You can find the pressure you should expect your tires to be at on the inside of the driver’s side door.
Rotate your tires.
Rotating your tires can be done for less than $50 at a shop, or even more cheaply yourself with a jack and a wrench, which usually comes supplied with your car. The important part is that you rotate them at all.
Tires in different parts of the car get worn out at different speeds, so rotating them will extend the life of your entire tire set, saving you hundreds on replacing all your tires.
Wash your car.
Washing your car is mostly a cosmetic factor. But it’s important. Dirt and grime don’t simply sit innocently on top of your car. Contaminants—especially acidic ones like bird droppings and bugs—can damage the paint and possibly even scratch the metal underneath.
Some detailing experts recommend washing the car weekly, but it probably depends on where you live and how your car is looking. A little dust is something you can ignore longer, while bird droppings can start to mess with the paint relatively quickly.
This saves you money far down the road—in the resale value. Unless you want to pay expensive rates for touching up paint, maintaining the car’s exterior (and interior), keeping it nice will do a lot towards customers being more willing to hand over extra cash.
After all, when you’re shopping for used cars and it looks like a car has never been washed, you will assume someone didn’t maintain the rest of the car too. You’ll believe the car has less value.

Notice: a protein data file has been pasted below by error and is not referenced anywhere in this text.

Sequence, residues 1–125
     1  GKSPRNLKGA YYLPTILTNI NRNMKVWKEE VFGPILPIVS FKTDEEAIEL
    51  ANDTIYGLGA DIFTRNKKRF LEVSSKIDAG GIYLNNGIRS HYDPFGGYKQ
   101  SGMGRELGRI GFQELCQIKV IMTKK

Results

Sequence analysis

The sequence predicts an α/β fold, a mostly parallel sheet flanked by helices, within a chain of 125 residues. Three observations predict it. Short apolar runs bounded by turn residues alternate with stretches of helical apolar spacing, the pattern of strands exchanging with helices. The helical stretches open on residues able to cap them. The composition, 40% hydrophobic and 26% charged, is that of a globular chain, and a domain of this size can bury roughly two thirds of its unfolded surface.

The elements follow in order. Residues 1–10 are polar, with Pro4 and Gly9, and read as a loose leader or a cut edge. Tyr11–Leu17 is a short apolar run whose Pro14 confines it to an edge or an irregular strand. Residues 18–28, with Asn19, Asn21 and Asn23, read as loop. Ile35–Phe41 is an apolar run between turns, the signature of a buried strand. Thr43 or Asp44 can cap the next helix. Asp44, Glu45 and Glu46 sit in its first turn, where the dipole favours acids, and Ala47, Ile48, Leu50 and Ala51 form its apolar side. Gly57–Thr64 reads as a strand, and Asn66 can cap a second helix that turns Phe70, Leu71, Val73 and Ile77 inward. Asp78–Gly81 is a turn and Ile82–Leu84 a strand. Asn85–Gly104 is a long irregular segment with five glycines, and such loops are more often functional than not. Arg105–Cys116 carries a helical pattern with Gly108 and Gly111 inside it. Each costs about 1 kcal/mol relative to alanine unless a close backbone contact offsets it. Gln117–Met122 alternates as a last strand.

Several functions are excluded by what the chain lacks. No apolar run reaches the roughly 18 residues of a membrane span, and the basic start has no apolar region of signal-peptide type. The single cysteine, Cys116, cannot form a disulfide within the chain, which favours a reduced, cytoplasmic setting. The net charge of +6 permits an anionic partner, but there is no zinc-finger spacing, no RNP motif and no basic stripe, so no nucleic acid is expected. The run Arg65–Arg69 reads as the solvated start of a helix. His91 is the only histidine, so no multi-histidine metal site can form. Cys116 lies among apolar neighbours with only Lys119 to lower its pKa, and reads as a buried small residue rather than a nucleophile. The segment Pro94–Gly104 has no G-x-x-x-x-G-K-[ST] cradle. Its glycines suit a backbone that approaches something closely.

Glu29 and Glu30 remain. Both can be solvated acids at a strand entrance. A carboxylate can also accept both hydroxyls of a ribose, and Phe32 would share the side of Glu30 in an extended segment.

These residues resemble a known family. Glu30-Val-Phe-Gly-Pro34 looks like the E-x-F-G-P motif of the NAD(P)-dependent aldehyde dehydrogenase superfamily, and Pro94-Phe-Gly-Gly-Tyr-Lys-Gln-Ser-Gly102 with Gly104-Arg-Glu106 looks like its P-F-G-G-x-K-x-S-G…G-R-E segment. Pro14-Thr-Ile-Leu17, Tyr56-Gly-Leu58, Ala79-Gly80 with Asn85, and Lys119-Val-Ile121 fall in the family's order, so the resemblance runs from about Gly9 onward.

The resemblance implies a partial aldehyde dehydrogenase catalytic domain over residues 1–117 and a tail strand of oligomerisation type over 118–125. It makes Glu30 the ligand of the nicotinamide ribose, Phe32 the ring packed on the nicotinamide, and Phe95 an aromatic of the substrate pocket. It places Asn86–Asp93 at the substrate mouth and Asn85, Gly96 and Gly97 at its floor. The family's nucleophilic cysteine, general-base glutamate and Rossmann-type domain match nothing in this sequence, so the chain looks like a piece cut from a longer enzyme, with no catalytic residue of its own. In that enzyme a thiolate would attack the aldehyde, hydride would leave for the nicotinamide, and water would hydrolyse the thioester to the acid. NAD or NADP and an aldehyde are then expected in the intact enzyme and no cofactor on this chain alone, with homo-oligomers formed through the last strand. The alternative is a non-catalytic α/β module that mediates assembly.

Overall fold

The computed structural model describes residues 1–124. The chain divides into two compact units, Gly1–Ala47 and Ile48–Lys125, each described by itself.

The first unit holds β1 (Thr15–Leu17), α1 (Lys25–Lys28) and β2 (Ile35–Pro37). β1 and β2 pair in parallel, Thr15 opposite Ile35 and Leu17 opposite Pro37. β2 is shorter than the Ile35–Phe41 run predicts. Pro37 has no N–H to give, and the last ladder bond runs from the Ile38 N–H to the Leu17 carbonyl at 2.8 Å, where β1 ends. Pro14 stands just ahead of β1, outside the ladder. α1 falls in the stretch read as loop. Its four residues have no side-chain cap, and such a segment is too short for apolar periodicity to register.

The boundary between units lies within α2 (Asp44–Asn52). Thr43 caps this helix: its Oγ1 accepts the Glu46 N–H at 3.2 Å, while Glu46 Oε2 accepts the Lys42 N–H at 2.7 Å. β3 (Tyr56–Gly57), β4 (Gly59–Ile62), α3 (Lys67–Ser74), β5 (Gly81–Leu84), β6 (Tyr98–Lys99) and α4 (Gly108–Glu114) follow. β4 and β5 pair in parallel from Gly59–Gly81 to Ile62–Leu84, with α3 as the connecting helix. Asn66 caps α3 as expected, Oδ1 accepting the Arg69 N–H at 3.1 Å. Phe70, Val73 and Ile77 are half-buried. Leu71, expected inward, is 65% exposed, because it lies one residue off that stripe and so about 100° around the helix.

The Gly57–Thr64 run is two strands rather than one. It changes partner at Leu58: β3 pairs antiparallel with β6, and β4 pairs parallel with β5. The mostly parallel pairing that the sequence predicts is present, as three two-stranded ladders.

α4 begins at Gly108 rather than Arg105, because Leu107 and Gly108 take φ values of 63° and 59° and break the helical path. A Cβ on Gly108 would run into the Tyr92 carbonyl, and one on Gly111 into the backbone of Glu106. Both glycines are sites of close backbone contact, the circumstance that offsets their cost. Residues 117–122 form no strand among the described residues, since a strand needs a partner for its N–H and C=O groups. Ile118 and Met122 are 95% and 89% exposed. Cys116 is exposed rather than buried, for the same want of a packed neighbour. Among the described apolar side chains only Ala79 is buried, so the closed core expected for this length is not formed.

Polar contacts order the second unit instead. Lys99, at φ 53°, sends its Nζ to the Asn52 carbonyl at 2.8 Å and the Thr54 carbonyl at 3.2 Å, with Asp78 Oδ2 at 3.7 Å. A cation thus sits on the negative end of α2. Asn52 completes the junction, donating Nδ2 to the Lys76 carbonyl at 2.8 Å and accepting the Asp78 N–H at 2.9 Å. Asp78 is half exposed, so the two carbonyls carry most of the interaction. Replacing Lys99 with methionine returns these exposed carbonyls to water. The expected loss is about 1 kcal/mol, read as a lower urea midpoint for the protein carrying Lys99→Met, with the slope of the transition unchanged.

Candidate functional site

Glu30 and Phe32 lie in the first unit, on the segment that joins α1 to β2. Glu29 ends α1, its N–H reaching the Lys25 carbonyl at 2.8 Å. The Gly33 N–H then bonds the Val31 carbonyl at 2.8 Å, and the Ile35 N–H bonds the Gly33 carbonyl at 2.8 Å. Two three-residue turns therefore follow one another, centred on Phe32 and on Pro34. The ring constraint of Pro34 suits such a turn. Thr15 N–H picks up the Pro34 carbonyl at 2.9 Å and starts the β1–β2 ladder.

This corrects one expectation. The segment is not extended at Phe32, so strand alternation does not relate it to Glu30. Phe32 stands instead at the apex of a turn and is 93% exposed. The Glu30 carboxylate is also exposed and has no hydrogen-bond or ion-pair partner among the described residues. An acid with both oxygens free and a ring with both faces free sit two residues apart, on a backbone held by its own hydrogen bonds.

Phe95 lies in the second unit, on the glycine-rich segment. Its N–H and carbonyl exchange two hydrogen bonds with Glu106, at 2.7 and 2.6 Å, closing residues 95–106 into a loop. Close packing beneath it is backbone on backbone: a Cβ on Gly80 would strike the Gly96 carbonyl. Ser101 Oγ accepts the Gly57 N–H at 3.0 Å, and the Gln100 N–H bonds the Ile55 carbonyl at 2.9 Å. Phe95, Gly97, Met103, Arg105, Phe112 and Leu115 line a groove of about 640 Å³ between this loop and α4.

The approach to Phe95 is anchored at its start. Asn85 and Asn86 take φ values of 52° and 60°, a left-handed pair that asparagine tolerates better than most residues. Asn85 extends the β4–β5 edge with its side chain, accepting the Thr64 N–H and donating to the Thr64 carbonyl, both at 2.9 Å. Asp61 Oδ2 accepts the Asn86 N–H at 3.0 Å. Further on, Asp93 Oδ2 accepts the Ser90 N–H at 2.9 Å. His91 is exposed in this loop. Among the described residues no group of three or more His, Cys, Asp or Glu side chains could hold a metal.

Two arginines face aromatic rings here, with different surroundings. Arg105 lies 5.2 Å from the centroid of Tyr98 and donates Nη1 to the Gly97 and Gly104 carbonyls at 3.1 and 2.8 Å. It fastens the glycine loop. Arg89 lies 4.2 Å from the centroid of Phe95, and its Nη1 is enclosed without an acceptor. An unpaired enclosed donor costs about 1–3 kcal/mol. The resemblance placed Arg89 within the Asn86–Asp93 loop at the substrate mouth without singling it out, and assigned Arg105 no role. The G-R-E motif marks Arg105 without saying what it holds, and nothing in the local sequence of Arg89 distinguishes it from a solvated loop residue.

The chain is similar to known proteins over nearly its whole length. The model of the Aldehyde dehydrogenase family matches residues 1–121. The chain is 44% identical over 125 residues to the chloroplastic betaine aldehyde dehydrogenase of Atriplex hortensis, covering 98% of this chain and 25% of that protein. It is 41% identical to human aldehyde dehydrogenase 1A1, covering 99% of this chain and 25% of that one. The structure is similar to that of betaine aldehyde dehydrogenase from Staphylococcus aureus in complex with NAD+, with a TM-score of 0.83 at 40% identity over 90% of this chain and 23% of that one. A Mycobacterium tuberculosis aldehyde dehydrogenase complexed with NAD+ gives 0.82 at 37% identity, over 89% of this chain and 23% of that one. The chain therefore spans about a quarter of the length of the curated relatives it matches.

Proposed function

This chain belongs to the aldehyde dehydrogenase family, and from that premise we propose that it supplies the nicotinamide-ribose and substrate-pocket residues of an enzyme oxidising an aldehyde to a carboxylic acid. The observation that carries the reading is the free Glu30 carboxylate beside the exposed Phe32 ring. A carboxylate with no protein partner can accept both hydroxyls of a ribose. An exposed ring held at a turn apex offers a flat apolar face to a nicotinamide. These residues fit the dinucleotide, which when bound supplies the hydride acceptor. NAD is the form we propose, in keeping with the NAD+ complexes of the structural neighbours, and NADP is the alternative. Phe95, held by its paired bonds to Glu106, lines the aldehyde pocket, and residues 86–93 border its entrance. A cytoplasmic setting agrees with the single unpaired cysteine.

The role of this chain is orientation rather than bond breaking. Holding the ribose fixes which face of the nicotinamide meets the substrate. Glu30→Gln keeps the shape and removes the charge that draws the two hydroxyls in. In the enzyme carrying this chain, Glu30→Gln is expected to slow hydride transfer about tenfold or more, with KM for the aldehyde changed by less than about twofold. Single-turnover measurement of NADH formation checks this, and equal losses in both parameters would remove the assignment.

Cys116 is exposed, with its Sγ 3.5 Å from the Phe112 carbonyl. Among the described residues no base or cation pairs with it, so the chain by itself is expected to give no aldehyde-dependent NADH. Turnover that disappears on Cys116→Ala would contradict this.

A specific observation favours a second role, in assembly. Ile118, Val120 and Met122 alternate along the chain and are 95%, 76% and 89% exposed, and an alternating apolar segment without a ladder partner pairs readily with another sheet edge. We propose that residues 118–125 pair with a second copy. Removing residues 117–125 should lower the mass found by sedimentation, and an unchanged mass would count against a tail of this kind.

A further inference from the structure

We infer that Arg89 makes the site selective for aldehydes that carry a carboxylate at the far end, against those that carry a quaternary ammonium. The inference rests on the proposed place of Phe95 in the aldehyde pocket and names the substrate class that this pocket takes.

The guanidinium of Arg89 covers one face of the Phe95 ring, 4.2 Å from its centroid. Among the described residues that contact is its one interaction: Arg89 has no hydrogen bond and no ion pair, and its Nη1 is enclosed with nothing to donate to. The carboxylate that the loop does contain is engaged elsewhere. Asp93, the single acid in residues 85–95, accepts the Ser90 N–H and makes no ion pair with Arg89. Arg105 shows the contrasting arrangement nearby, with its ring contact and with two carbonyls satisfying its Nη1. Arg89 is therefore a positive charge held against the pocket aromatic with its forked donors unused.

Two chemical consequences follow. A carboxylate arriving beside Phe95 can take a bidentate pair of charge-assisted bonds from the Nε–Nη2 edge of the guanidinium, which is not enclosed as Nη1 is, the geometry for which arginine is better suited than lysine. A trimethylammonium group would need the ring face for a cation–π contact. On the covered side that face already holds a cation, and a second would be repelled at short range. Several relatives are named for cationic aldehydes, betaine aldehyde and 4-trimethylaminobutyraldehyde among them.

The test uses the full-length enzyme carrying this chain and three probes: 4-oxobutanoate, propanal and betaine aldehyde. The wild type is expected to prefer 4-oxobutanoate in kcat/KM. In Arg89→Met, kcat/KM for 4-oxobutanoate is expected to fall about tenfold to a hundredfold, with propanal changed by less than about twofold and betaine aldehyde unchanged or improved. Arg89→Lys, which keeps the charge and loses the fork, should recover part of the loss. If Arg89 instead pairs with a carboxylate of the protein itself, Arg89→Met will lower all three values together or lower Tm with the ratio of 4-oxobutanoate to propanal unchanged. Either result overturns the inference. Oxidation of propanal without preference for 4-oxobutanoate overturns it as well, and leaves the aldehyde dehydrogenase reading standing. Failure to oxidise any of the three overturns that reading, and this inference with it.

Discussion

Change your air filter yourself.
The air filter is a cheap thing to replace, but it’s important. Most air filters only cost around $20, yet they preserve an expensive and vital piece of equipment: the A/C system.
The air conditioning in a car is an important aspect of your comfort while driving. Plus, like the above tip, having a working A/C has a great effect on resale value, while costing hundreds to fix.
An air filter change is something that is often offered as part of an oil change, but skip the extra expense and do it yourself. Buy the filter from an auto parts store and check out a how-to on YouTube. It only takes a few minutes.
This is a little bit more advanced, but you can also teach yourself how to check the A/C unit parts for damages (such as to the hoses) so that you can catch problems before they get too bad.
Replace belts before they break.
Be sure to check your engine belts on the recommended car maintenance schedule and replace them when you’re noticing fraying or cracks. If an engine belt breaks while using the car, it could whip around and get twisted up in the engine, causing extra damage and making the whole repair particularly expensive.
On this list, this factor is most likely to be a really high and unexpected expense if left unchecked.
Total savings over five years:
Changing your own oil: $400
Checking tire pressure: $400 (cost of an alignment repair and tire and suspension damage)
Tire rotation: $700 (cost of a new tire set)
Changing air filter: $500 (average A/C repair costs)
Wash your car: $300 (detailing and paint correction)
Carly Marie is a content marketing specialist from Florida who covers personal finance. Through her writing, she strives to educate and connect with readers.